When the trick-or-treat traffic finally trickles away and all the little ghosts and goblins have gone home to bed, here's some recommended home theater viewing for foot-weary doorbell slaves who yearn for some Halloween happiness of their own.
‘Universal Classic Monsters: The Essential Collection'
The kings (and queen) of cinema creeps are gathered in one big spooky box and in high definition here, including Tod Browning's “Dracula” (1931), James Whale's triumvirate of “Frankenstein” (1931), “The Invisible Man” (1933) and “The Bride of Frankenstein” (1935), Karl Freund's “The Mummy” (1932), George Waggner's “The Wolf Man” (1941), Rupert Julian's “The Phantom of the Opera” (1925), and Jack Arnold's “Creature from the Black Lagoon” (1954). Throw in a 48 page book, 12 hours of extras and a 2- and 3-D version of “Creature” and it's like ol' Drac said: “Children of the night. What music they make.”
Director Mike Nichols' stylish, smart and sexy adult entry in the monster genre has Jack Nicholson as an aging New York book publisher being edged out of his job by an ambitious and unscrupulous young newcomer (James Spader), when a bite from a wolf changes his life (not to mentions his shape, senses and appetites) and puts him in surprisingly good stead with his boss' gorgeous daughter (Michelle Pfeiffer). This one finds beauty in man's most basic animal instincts.
‘The Cabin in the Woods' (2011)
Five college kids take off for a wild weekend at a cabin hidden deep in the dense sticks and find themselves at the mercy of demons from hell. Sounds familiar of course, but there's more going on here than meets the eyes of these young sacrificial lambs as top-secret techs manipulate by remote control the horrible goings-on for stakes that are global. Wickedly cynical black comedy mixes with bloody shocks in this unpredictable chiller from writer-director Drew Goddard. Richard Jenkins as head tech, as always, makes things worth watching.
‘Jeepers Creepers' (2001)
A brother and sister driving home for spring break are set upon by an evil being in a souped up, rusted-out armored truck after they witness him tossing canvas-wrapped bodies down a dark hole outside a deserted church. Writer-director Victor Salva's highway nightmare gets a bit gory in the latter half, but the film is well crafted, fast-paced and dead-on in its portrayal of sniping siblings turned desperate allies.
‘The Evil Dead”/Evil Dead II' (1983,1987)
Bruce Campbell became a cult star when he strapped a chain saw on his half-severed arm, fired it up and cried “Groovy!” with vengeful delight. The low-budget original and its sequel, which was really a slicker and funnier remake of the first installment, made writer-director Sam Raimi (“Spider Man”) a star as well, with its story of college students weekending in a rural shack where they accidentally awaken an onslaught of demons. This is a wrecking-derby of jarring jolts enhanced by speed-demon Steadicam, acrobatic lens work and over-the-top violence that's really fun — if you get the joke.
‘Night of the Living Dead' (1968)
Between local TV commercials and industrial films, Pittsburg director George Romero ground out this cult gem, which still stands as one of the most frightening horror flicks of all time. A handful of strangers hole up in a remote farmhouse as corpses rise up and roam the countryside, hungering for flesh. The terror is relentless, the dialogue snaps, and black humor abounds. So does the gore. Cheap, grainy, black-and-white filmstock adds a stark realism to the gruesome proceedings, enhancing the feel of dread and doom, and the masterful use of light and shadow creates a disturbingly claustrophobic effect.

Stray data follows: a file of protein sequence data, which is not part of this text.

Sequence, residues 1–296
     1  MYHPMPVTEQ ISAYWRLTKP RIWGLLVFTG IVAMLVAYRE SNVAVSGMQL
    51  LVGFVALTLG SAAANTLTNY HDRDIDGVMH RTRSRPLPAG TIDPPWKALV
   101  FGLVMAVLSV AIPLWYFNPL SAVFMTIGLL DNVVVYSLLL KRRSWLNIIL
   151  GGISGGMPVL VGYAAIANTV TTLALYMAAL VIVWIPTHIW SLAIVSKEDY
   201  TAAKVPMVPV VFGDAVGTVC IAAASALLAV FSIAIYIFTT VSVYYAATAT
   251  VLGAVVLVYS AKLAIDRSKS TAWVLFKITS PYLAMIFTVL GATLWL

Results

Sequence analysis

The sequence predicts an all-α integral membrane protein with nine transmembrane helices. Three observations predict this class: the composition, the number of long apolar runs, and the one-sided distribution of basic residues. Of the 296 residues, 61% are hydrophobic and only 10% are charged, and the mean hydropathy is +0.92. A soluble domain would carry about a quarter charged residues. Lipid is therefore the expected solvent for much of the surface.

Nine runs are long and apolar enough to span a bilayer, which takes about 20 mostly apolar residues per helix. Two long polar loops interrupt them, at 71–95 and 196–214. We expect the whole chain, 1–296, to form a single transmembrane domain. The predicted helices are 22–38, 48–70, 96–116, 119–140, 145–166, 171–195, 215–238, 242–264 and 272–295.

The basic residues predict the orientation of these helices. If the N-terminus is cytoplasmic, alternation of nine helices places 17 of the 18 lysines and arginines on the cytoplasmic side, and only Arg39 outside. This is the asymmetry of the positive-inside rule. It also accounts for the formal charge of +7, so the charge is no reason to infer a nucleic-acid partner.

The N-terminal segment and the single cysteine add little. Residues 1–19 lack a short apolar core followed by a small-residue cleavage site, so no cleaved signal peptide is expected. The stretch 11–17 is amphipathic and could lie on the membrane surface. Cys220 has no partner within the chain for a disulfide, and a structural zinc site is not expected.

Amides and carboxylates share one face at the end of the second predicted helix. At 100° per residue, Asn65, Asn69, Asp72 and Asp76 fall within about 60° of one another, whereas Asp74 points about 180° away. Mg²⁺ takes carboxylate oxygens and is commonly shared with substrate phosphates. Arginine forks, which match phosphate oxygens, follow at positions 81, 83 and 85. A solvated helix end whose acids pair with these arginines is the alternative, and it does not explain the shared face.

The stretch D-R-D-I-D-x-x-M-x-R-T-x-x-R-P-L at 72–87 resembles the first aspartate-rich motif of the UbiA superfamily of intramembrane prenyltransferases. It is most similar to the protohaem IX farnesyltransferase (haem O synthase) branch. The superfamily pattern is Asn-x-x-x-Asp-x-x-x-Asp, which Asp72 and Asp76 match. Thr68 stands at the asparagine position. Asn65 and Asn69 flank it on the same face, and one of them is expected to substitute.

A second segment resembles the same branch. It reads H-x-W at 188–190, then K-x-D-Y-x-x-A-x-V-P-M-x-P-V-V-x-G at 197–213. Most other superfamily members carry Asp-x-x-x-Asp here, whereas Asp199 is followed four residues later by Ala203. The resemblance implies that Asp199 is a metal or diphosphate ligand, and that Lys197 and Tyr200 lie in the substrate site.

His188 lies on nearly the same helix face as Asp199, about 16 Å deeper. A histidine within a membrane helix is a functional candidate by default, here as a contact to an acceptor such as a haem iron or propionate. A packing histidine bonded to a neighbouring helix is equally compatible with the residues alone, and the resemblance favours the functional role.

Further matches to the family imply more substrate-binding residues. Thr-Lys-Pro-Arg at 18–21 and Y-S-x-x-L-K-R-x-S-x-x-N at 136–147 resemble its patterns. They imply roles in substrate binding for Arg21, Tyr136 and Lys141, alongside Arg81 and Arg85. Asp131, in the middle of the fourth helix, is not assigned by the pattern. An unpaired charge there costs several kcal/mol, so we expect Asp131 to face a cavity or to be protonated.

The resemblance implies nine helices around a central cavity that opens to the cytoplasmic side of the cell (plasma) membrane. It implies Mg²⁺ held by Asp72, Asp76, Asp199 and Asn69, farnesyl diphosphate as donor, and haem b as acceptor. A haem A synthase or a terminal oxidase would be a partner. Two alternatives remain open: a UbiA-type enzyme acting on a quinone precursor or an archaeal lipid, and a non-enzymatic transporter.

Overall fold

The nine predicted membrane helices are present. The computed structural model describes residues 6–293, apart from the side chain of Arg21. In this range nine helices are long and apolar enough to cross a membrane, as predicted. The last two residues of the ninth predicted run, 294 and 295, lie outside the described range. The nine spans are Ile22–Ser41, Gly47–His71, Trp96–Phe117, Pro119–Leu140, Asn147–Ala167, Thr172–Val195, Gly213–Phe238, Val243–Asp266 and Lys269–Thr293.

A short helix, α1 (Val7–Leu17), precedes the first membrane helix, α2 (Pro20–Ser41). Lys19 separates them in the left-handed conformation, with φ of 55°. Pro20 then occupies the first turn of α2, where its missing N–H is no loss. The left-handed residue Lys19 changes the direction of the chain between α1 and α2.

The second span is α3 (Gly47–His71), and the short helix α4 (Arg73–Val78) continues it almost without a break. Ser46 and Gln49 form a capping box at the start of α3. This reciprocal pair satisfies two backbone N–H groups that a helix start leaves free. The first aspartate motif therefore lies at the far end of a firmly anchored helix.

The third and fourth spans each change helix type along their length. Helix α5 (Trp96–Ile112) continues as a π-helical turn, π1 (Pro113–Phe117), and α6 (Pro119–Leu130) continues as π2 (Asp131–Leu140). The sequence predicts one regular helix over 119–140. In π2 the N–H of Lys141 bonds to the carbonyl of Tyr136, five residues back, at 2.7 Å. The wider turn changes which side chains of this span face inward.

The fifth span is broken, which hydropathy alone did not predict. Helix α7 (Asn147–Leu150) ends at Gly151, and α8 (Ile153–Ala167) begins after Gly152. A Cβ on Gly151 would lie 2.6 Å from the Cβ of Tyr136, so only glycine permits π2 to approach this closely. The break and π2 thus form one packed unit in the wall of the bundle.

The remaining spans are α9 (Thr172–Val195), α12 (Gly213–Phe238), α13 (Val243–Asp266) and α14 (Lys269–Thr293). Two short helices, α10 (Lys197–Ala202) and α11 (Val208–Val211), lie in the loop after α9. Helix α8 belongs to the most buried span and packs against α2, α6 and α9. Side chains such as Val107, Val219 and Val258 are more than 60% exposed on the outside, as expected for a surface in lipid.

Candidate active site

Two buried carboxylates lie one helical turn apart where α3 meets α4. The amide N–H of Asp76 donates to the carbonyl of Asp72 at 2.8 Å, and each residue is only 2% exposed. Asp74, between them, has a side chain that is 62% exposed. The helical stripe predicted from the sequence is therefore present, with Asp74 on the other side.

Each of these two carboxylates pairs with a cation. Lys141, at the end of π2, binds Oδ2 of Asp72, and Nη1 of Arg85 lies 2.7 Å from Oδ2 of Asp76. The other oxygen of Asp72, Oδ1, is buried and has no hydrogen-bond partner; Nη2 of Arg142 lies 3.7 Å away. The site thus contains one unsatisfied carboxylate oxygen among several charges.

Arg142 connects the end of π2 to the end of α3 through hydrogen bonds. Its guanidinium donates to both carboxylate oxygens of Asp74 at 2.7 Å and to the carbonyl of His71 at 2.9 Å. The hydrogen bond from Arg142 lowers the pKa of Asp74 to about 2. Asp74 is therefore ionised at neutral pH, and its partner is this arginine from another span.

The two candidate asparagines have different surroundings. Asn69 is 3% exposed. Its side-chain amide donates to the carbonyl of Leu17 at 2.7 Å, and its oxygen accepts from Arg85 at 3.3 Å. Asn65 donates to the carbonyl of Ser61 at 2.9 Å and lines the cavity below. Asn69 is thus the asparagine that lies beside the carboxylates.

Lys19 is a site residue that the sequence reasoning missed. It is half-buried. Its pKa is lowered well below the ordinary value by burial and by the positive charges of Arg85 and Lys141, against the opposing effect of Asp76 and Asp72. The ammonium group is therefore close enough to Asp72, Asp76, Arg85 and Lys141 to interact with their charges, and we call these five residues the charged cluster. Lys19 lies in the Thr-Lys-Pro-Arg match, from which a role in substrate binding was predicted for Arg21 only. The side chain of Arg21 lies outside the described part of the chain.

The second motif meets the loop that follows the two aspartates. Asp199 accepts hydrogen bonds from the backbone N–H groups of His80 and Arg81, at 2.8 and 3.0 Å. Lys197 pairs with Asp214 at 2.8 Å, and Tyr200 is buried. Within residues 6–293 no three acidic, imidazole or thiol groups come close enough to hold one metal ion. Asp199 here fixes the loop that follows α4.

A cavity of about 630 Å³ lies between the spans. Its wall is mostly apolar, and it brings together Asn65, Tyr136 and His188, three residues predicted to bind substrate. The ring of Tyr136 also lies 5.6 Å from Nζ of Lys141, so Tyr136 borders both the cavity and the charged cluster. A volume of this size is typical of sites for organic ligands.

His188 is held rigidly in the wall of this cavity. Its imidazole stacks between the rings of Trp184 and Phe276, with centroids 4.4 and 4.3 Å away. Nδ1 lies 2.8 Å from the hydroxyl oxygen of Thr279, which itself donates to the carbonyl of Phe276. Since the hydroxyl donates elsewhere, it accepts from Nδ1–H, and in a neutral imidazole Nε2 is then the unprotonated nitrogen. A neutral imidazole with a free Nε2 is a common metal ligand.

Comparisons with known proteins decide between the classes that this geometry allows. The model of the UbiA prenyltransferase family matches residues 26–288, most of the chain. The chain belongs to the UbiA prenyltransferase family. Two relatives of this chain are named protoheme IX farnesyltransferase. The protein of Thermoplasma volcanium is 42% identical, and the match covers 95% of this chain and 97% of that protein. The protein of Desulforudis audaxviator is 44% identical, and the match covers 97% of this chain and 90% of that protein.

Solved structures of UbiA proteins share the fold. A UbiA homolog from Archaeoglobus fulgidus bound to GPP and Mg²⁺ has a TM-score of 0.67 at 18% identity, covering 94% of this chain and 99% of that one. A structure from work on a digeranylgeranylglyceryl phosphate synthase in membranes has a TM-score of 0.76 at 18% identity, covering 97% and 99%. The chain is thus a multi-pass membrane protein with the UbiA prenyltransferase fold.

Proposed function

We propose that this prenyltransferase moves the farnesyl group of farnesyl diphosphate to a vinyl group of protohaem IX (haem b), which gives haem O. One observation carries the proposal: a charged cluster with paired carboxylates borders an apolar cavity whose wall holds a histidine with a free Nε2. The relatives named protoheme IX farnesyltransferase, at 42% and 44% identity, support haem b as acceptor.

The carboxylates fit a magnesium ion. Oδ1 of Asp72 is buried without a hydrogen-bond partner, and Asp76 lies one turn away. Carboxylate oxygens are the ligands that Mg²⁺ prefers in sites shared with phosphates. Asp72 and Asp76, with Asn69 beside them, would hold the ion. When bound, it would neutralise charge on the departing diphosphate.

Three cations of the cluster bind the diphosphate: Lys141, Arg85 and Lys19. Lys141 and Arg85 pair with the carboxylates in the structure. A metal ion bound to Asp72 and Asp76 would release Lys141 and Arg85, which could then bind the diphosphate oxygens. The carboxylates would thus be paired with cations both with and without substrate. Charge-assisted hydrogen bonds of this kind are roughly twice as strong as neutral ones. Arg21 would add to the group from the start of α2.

Janet Leigh in a bra and half slip, packing to run away with stolen money. Anthony Perkins as lanky, lonely, haunted Norman Bates, keeper of a forgotten motel, caregiver to a domineering mother. The shower scene. Mother. Indelible images from Alfred Hitchcock's horror masterpiece. Often imitated but never duplicated, this one remains the greatest shocker of all time.
‘An American Werewolf in London' (1982)
Writer-director John Landis' loving, rock 'n' roll-fueled tribute to monster movies has a young American traveler bitten by a wolf on the British moors, transforming him into the creature of the title without the aid of computer-generated visuals. Funny, frightening and a bit tragic, as all good horror films should be.
Writer-director John Carpenter is the architect of the low-budget, blade-wielding stalker film as we've known it for the last 30 years. The difference between this original and all its second-rate, mean-spirited, blood-soaked sequels and imitators is that it's a well made, well-told, genuinely scary take on the boogeyman fear we all grew up with.
‘The Shining' (1980)
The best screen version of any Stephen King work is this masterful collaboration between Jack Nicholson and director Stanley Kubrick. Together, they explore the darkest corridors of malevolence, madness and the macabre, playing it all out on the Grand Guignol stage of a massive mountain resort hotel. The opulent, sprawling Overlook, closed for the winter and isolated from the outside world — a monster in itself — is one of the main characters, and Nicholson's portrayal of the blocked writer/caretaker, who goes mad and stalks his wife and son with an ax, is one of his best. They may not have stayed true to King's novel, but that's what happens when books become movies. Sometimes, they top the source material.
German director F.W. Murnau's brooding expressionistic masterpiece started a movie vampire vogue that lives on and on, much like its title character. Spooky shadow effects, inventive camera work and the overwhelmingly chilling screen presence of its star, Max Schreck, as the bald, bloodsucking Count Orlok make this silent creepshow a milestone in monster moviedom.